The impact of the hamstrings on your running performance is extremely important. An area often looked at with both performance and rehabilitation is the Quad/Hamstring ratio. Past research has previously advised the ratio to be app roc 60/40 in favour of the Quadriceps being the stronger. Recent research is now starting to see that the relationship should be closer to 50/50 meaning your hamstrings should be as strong as your quadriceps. But how do we test our hamstrings? I introduce to you the Single Leg Hamstring Bridge Test.
The Single Leg Hamstring Bridge Test assesses the muscular endurance of your hamstrings which is key for preventing hamstring injuries. Research has acknowledged that testing hamstring strength with the hip and knee at functional angles and assessing endurance parameters may be relevant for examining the risk of hamstring injury. in 2013 research from Australia attempted to find a test that identified who would and who wouldn’t injure their hamstrings during sport (Australian Rules Football, in this case). They had 482 Australian Rules Football players perform the single leg hamstring bridge (SLHB) to failure (supine position, heel on 60cm box with that knee in 20° of flexion). “A score less than 20 is considered poor, 25 average and greater than 30 good. On average, players who sustained a right-sided hamstring injury in this study were close to or below the ‘poor’ level.”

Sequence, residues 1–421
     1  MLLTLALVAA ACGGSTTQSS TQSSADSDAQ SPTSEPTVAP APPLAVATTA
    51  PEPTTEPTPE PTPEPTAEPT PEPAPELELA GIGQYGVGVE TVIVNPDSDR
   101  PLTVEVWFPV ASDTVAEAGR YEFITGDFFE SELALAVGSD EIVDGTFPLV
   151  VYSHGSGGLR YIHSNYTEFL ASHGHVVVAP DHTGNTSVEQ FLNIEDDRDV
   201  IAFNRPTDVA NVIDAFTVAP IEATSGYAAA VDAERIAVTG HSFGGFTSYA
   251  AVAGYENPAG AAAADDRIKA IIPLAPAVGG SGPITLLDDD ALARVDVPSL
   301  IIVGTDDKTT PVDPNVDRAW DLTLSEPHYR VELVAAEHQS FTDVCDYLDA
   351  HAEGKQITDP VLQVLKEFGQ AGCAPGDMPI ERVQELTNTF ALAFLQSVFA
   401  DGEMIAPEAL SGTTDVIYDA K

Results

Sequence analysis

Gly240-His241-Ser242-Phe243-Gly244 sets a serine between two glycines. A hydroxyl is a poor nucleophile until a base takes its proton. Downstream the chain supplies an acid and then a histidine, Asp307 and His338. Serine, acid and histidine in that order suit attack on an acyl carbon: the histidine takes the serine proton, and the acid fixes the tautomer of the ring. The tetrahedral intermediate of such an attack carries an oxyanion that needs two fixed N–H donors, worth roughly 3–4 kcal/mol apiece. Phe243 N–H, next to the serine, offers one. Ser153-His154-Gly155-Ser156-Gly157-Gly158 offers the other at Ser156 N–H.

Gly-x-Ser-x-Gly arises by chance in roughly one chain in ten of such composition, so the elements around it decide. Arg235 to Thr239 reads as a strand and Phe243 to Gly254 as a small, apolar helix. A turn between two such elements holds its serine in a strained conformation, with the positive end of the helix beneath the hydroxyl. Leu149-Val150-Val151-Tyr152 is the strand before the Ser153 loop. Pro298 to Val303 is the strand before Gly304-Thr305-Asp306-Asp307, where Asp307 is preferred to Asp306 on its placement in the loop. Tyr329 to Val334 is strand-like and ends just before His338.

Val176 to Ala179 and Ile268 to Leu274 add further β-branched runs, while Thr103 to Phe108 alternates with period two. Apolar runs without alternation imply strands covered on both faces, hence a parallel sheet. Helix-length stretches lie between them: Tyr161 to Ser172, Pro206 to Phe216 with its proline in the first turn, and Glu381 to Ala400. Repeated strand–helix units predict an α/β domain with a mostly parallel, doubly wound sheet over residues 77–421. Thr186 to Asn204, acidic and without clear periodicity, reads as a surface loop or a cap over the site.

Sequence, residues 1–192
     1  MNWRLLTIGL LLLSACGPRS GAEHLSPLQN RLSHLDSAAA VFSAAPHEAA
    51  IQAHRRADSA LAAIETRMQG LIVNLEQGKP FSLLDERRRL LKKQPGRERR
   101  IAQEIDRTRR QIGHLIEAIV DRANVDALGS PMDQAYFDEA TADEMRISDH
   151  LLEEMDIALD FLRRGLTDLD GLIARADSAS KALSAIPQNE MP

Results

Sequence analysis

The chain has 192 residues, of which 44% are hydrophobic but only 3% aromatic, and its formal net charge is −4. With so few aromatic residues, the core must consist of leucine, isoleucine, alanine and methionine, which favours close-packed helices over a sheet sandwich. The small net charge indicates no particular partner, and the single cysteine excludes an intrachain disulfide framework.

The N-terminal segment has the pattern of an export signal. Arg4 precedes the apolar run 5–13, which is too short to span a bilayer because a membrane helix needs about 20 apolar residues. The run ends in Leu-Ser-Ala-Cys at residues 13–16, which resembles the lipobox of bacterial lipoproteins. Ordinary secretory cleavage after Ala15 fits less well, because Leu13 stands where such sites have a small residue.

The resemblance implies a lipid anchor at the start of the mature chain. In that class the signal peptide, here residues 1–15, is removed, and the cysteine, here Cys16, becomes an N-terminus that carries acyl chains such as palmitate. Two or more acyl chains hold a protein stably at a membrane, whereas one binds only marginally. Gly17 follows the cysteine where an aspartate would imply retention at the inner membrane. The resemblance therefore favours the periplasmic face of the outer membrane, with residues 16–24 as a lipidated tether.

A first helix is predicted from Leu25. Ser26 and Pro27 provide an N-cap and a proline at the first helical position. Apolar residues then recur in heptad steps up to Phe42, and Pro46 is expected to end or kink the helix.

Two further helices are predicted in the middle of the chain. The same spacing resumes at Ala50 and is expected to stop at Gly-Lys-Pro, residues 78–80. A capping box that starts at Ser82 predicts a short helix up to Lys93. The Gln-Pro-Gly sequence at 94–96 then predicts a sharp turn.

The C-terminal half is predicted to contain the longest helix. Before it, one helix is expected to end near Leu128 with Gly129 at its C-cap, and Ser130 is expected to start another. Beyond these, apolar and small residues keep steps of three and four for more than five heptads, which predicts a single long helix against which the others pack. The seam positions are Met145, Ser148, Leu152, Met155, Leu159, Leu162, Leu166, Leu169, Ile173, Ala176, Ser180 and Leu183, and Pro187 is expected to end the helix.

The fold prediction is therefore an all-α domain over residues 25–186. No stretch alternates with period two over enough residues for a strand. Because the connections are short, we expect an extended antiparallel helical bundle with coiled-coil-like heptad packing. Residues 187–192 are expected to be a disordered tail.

As part of our Running Video Analysis we incorporate the Single Leg Bridge Test. Following the full screening, in accordance with the full test results, an exercise regime is prescribed to correct any of the asymmetries. Click here to find out more about the Running Video Analysis